Why a Nation Needs a National Story
By Jill Lepore March/April 2019
“We can write history that implicitly denies or ignores the nation-state, but it would be a history that flew in the face of what people who live in a nation-state require and demand,” Degler said that night in Chicago. He issued a warning: “If we historians fail to provide a nationally defined history, others less critical and less informed will take over the job for us.”
The nation-state was in decline, said the wise men of the time. The world had grown global. Why bother to study the nation? Nationalism, an infant in the nineteenth century, had become, in the first half of the twentieth, a monster. But in the second half, it was nearly dead—a stumbling, ghastly wraith, at least outside postcolonial states. And historians seemed to believe that if they stopped studying it, it would die sooner: starved, neglected, and abandoned.
Francis Fukuyama is a political scientist, not a historian. But his 1989 essay “The End of History?” illustrated Degler’s point. Fascism and communism were dead, Fukuyama announced at the end of the Cold War. Nationalism, the greatest remaining threat to liberalism, had been “defanged” in the West, and in other parts of the world where it was still kicking, well, that wasn’t quite nationalism. “The vast majority of the world’s nationalist movements do not have a political program beyond the negative desire of independence from some other group or people, and do not offer anything like a comprehensive agenda for socio-economic organization,” Fukuyama wrote. (Needless to say, he has since had to walk a lot of this back, writing in his most recent book about the “unexpected” populist nationalism of Russia’s Vladimir Putin, Poland’s Jaroslaw Kaczynski, Hungary’s Viktor Orban, Turkey’s Recep Tayyip Erdogan, the Philippines’ Rodrigo Duterte, and the United States’ Donald Trump.)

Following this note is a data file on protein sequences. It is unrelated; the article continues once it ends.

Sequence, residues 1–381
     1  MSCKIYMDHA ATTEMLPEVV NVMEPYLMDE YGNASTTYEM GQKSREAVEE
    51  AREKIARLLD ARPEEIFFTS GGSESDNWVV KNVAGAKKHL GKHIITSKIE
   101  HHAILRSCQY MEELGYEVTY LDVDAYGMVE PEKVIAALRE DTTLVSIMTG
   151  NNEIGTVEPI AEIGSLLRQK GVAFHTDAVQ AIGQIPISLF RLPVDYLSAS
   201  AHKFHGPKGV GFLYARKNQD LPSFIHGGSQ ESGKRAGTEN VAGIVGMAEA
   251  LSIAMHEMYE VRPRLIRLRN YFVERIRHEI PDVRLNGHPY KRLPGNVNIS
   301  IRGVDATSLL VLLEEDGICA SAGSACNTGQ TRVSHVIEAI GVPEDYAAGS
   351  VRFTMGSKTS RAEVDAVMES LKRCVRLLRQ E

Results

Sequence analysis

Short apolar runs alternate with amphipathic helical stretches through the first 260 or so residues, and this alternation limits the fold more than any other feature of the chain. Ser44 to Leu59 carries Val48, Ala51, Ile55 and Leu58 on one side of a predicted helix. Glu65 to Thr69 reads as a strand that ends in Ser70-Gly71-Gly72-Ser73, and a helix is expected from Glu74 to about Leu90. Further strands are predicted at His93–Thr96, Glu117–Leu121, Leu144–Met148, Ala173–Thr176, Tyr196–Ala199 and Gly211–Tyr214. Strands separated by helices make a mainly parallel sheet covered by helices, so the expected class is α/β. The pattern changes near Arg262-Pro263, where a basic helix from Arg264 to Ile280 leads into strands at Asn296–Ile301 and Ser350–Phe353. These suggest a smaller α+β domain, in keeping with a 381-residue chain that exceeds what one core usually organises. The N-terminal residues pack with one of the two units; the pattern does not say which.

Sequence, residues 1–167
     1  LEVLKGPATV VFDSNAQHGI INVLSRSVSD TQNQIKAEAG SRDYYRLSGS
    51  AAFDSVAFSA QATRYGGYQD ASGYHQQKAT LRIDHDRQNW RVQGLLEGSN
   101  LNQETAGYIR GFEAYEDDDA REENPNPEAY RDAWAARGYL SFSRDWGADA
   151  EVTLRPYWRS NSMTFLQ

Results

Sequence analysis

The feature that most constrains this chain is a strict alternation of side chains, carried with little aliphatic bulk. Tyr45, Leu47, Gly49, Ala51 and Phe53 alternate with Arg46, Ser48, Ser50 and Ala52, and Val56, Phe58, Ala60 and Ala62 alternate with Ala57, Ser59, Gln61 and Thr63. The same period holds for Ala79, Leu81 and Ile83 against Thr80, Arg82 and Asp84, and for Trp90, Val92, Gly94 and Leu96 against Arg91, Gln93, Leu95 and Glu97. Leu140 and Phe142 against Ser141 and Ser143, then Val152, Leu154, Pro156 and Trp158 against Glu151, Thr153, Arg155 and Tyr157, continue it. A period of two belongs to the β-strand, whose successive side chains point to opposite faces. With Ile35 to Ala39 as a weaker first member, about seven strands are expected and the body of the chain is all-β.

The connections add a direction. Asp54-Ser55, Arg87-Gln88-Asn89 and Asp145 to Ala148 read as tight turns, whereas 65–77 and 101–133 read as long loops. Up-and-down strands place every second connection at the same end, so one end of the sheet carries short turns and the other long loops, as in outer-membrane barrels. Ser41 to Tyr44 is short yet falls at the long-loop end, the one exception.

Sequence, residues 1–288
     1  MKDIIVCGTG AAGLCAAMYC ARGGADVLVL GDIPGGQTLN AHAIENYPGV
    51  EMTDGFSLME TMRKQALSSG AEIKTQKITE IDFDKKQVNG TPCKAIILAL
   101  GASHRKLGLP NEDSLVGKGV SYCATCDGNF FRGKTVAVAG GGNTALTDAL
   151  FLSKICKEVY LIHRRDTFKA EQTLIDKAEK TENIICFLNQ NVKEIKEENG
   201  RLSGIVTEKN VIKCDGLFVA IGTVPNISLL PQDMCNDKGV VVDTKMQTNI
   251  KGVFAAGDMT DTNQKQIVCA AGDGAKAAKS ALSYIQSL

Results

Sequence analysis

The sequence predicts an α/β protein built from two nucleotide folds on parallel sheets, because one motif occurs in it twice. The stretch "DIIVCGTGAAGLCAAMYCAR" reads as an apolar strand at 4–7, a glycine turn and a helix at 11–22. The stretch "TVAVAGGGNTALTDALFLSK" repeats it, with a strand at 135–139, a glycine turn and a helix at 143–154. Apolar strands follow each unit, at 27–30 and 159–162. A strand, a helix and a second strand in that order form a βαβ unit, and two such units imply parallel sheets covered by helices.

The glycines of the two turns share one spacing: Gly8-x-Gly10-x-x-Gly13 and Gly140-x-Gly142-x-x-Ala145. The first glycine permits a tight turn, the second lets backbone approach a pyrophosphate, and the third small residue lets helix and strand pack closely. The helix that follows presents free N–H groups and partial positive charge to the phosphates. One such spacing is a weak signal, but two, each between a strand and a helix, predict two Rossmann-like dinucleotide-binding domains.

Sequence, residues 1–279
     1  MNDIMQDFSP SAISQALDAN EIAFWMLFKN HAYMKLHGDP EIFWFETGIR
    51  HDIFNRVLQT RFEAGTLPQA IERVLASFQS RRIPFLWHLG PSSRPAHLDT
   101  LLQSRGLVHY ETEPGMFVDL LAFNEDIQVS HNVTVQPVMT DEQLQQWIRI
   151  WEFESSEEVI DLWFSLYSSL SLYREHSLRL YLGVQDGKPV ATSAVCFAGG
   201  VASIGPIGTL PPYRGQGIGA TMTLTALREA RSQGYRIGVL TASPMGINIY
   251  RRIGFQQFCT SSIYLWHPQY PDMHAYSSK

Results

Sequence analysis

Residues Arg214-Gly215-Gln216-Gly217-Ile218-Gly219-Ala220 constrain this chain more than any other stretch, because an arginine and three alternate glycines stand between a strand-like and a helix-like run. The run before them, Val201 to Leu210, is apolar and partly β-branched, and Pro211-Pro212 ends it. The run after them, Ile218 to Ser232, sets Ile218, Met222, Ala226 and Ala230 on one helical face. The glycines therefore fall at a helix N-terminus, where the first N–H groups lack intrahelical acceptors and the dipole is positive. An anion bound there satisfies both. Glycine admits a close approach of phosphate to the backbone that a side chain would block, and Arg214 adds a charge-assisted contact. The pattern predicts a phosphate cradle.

Fukuyama was hardly alone in pronouncing nationalism all but dead. A lot of other people had, too. That’s what worried Degler.
Nation-states, when they form, imagine a past. That, at least in part, accounts for why modern historical writing arose with the nation-state. For more than a century, the nation-state was the central object of historical inquiry. From George Bancroft in the 1830s through, say, Arthur Schlesinger, Jr., or Richard Hofstadter, studying American history meant studying the American nation. As the historian John Higham put it, “From the middle of the nineteenth century until the 1960s, the nation was the grand subject of American history.” Over that same stretch of time, the United States experienced a civil war, emancipation, reconstruction, segregation, two world wars, and unprecedented immigration—making the task even more essential. “A history in common is fundamental to sustaining the affiliation that constitutes national subjects,” the historian Thomas Bender once observed. “Nations are, among other things, a collective agreement, partly coerced, to affirm a common history as the basis for a shared future.”
But in the 1970s, studying the nation fell out of favor in the American historical profession. Most historians started looking at either smaller or bigger things, investigating the experiences and cultures of social groups or taking the broad vantage promised by global history. This turn produced excellent scholarship. But meanwhile, who was doing the work of providing a legible past and a plausible future—a nation—to the people who lived in the United States? Charlatans, stooges, and tyrants. The endurance of nationalism proves that there’s never any shortage of blackguards willing to prop up people’s sense of themselves and their destiny with a tissue of myths and prophecies, prejudices and hatreds, or to empty out old rubbish bags full of festering resentments and calls to violence. When historians abandon the study of the nation, when scholars stop trying to write a common history for a people, nationalism doesn’t die. Instead, it eats liberalism.
Maybe it’s too late to restore a common history, too late for historians to make a difference. But is there any option other than to try to craft a new American history—one that could foster a new Americanism?Continue reading A New Americanism